Balticon 47 Wrap up – Part 10, Helping Authors Find and Work Effectively with Narrators

by Doc Coleman on August 5, 2013 · 0 comments

in Balticon

Episode 10 of the Balticon 47 Wrap up continues our theme of working with narration and podcast fiction. This time we’re bringing you Helping Authors Find and Work Effectively with Narrators, moderated by Chris Snelgrove and featuring panelists Alicia Goranson, PC Haring, Nobilis Reed, and Renee Chambliss. The panel focuses on finding and working in the field of narration, both as an author and as a prospective narrator.

Our panelists have been authors, narrators, and producers engaged in turning literary works into audible formats. They’ve seen the art of narration from many sides and have come together to offer their advice on how to engage your community and find narrators and other voice specialists who will work well with you, and help you to produce your story as the audio experience you dreamed it could be.

But first, you must dream. As an author you need to know what you want your audio to sound like if you are going to partner with a narrator or a producer to make that experience happen.

As a narrator you need to listen to the direction you’re given, but also feel free to make suggestions and recommendations. The best productions often result from an exchange of ideas between author, narrator, and producer.

There are many resources available to help authors connect with potential narrators. Anything from seeing local theatre and approaching actors whose voices you like to connecting with the podcasting community and talking to other people who have worked with the artists you are considering using. Sometimes, all it takes is asking someone to be part of your production.

As an author you want to make sure the narrator or actors know what they’re getting into before they start recording. Be willing to let the actors read the entire book before they start recording. It often helps the actors get into the proper mind-state for portraying your characters and ensures that if there is content that they aren’t comfortable doing, you know up front.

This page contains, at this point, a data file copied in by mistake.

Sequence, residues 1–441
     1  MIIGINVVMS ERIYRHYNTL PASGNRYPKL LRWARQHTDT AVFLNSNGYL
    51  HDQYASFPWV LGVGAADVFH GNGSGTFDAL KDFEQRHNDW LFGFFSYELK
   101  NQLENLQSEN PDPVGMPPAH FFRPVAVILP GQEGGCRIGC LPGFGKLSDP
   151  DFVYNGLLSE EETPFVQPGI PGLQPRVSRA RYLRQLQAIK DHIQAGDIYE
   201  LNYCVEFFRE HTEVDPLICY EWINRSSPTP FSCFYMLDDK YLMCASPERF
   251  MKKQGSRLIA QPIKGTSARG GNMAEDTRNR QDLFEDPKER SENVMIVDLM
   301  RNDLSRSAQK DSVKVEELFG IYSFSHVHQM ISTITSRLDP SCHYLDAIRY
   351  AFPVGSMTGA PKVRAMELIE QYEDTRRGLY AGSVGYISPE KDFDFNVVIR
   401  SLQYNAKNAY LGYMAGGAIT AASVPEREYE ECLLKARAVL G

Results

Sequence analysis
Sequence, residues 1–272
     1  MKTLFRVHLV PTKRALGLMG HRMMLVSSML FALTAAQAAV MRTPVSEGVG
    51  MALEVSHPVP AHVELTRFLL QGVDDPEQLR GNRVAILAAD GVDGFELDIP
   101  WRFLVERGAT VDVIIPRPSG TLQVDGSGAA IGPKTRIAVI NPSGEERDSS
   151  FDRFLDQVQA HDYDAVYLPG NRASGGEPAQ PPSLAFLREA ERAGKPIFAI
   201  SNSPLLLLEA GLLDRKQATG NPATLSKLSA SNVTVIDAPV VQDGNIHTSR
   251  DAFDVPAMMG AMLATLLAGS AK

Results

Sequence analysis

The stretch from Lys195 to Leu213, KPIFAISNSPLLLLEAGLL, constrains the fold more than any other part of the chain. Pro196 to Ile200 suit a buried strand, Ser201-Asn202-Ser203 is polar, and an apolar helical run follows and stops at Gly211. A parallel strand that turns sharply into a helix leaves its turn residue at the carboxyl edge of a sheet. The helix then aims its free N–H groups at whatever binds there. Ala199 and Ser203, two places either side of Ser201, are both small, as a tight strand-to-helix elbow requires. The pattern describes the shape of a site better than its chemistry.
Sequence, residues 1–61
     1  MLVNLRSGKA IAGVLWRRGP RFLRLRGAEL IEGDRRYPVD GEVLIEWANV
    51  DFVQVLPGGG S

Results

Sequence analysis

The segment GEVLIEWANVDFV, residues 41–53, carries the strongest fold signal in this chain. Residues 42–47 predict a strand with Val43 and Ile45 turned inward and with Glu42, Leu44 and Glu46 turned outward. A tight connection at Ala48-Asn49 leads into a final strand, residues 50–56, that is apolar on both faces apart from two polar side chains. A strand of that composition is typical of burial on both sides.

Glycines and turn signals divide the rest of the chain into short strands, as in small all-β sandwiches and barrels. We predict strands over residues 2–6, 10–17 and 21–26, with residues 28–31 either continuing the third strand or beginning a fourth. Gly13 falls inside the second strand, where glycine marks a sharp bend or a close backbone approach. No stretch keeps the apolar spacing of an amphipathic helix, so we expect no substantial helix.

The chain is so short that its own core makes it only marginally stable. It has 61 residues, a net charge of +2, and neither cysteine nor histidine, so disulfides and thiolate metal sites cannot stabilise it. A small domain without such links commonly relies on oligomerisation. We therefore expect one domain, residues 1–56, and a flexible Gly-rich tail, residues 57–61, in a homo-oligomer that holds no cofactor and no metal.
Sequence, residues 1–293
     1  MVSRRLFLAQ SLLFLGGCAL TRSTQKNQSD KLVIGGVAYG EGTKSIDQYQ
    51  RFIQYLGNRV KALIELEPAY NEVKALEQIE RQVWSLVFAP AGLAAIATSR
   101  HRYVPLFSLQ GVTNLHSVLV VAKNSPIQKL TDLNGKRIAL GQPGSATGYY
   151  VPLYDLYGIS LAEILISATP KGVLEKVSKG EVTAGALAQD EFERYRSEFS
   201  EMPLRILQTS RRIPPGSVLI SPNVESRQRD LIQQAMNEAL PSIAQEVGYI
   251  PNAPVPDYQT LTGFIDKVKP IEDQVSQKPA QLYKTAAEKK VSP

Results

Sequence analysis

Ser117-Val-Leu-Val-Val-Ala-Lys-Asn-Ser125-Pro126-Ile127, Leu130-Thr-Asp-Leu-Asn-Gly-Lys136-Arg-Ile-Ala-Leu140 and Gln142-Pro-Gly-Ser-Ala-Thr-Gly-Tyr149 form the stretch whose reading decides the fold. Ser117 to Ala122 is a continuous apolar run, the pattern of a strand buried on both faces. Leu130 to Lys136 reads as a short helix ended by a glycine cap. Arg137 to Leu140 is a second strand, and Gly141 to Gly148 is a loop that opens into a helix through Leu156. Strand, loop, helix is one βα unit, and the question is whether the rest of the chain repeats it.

Don’t be afraid to ask for re-takes. Most people want to do good work, re-takes just provides an opportunity to improve their work.

Use natural pacing, not any kind of affected speech. Actors are often trained to speak slowly, too slowly for an effective audio book. Get them to talk at a more natural pace.

The panel also takes some time to talk about ACX. The Kindle Direct of Audio production.

One concern is the proliferation of Royalty Shares. Is royalty share being used to get audio books made on the cheap? One thought is to only do royalty share because you want the experience or the exposure, or because you love the project. While most voice talent prefers to be paid up front, it is worth noting that  the ACX split is better than publisher shares in most cases.

If you’re using ACX to get your book made into an audiobook, be sure to listen to the chapters. You have to live with them forever, so make sure that they’re very good.

There are many ways to crowdsource funding or raise funding to pay a narrator up front. It is hard to predict what will sell well, so some voice talents avoid royalty shares as a matter of course.

It is all collaboration. Look for someone who wants to tell a really good story and is willing to help promote that story once it is published.


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